Jan 292013
 

Two and one half years later and no longer able to paint, I'm trying to learn how to use the iPad and iPhone from the inside out.

I hope those who visit my blog from time to time will pardon my recent lack of activity. Some of the earliest readers may recall my chapter that dealt with rewriting life’s script when things don’t go the way you expected or hoped. Well I am once again needing to tear up the pages, or maybe hit the delete key, and put in some fresh paper (or RAM space).

The recent death of my wife left a big hole in every day and in every concept of my future. Couple that with the recent severe decline of strength in my upper body which deprived me of the joy of painting and I have been in a bit of a bad space lately. I realized that I needed a new challenge, one that relied more on mental gymnastics than the other kind. So I gave myself the improbable task of learning to write applications for the iPhone and iPad. Of course as soon as I got into trying to learn about that, I discovered how little I really knew about programming. So for the past few weeks I have been trying to learn C, C++, and Objective-C, along with the Apple integrated development environment called Xcode.

Fear not, I have not wandered off into some digital wilderness, as I fully intend to use my new skills, once acquired, to develop an app or two related to disability and to assisted living. I also might try to develop something related to the two diseases that I know so well – myotonic muscular dystrophy, which claimed my wife, and inclusion body myositis, which is trying to claim me.

I even might have some fun with an art application. But, first things first, I still have a lot of learning to do. So these days and nights I sit in my room at the assisted-living facility and watch instructional videos and try to do the exercises. It’s sort of like being back in college except I’m not eager to graduate.

Although I can no longer physically produce tools and garments that assist with the life of a disabled person, I can still think about things that might be useful. I am also going to be doing more articles soon about life in an assisted living facility, as it is really quite an adventure.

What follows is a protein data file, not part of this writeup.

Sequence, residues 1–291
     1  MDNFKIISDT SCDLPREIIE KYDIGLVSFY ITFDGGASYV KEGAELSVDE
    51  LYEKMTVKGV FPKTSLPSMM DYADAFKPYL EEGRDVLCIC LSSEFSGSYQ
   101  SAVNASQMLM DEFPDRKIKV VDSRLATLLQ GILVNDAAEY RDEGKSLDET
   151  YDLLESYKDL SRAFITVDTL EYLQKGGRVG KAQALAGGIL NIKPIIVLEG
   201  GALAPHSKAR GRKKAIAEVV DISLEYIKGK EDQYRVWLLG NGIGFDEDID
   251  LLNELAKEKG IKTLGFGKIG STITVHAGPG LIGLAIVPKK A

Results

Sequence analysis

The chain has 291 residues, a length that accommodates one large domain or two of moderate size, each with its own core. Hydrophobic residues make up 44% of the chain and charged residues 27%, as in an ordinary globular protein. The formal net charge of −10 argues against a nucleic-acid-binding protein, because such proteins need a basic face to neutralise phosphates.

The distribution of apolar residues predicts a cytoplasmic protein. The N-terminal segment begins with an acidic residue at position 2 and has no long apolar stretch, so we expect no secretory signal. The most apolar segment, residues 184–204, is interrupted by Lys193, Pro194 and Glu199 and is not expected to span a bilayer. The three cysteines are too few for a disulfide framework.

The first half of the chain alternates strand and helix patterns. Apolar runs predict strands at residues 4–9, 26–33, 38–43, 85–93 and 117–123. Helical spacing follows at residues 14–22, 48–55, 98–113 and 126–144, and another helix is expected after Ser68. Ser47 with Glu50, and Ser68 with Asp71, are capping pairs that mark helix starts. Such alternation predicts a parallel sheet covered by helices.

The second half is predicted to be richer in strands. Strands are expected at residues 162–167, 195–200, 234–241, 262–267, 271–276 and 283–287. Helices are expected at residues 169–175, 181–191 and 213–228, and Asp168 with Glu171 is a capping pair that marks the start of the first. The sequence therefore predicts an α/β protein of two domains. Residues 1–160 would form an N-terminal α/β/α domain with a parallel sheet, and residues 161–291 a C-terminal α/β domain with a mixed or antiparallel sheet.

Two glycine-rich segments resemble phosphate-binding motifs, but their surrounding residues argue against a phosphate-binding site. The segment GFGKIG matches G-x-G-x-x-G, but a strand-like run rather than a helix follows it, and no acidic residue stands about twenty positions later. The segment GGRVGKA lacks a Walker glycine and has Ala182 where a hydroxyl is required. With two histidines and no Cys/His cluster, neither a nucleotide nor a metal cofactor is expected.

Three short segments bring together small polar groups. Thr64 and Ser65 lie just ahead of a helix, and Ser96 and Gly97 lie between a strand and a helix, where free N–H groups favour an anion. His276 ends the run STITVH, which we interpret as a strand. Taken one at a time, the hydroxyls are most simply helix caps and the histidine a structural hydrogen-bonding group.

I am enjoying getting to know more about my late wife's early years.

The new blog site I am creating in memory of my wife, Beth Shirk, is underway. You are welcome to follow its progress.

Mike

Jan 132011
 

Mike holding an iPad with one of his sketches on the screen

My iPad has allowed me to resume sketching (in preparation for painting) even though I can no longer use a drawing pencil.

To begin with, this article is being written using the Dragon voice recognition system that came free for my iPad. Without it, doing this kind of writing would be very difficult if not impossible, because my fingers can no longer bend or be controlled.

But that is not what originally caused me to purchase an iPad. That happened last year when I was planning to take a watercolor workshop and realized that my weak fingers would no longer allow me to do planning sketches in preparation for painting.

I had already tried a drawing tablet that connects to my computer. I found it very difficult to use since you needed to hold the stylus over to the side of your computer while looking straight ahead at the screen. This didn’t lend itself to a very intuitive form of drawing, for me at least.

But when I saw that the iPad had a touchscreen and that it came with applications for creating art, I decided it was the solution. It turned out I was right, as I have been able to do a great deal of sketching using my iPad and a stylus.

Since then, I have discovered that the iPad is an ideal solution for people with physical disabilities. To begin with, it is very lightweight so I can carry it around with me wherever I go. The voice recognition is ideal for e-mail, Facebook postings, etc.

It is also a great way to take reading material with me as you can download books using either the Apple iBook’s store or the Amazon Kindle store or you can copy other documents that you have into the iPad for reading wherever you happen to be.

It is a highly portable computer, a library, a music studio, a weather station, a radio, a movie theater, a bus or travel planner, and the list goes on. In fact there are now millions of little applications designed for use on the iPad many of which are idel for the physically disabled. Just recently I used its inclinometer to determine that our community’s sidewalks had driveway openings too steep for wheelchairs or scooters to safely cross.

I will talk about many of these areas in future posts. But in the meantime I encourage everyone reading this to at least investigate the iPad for your own use.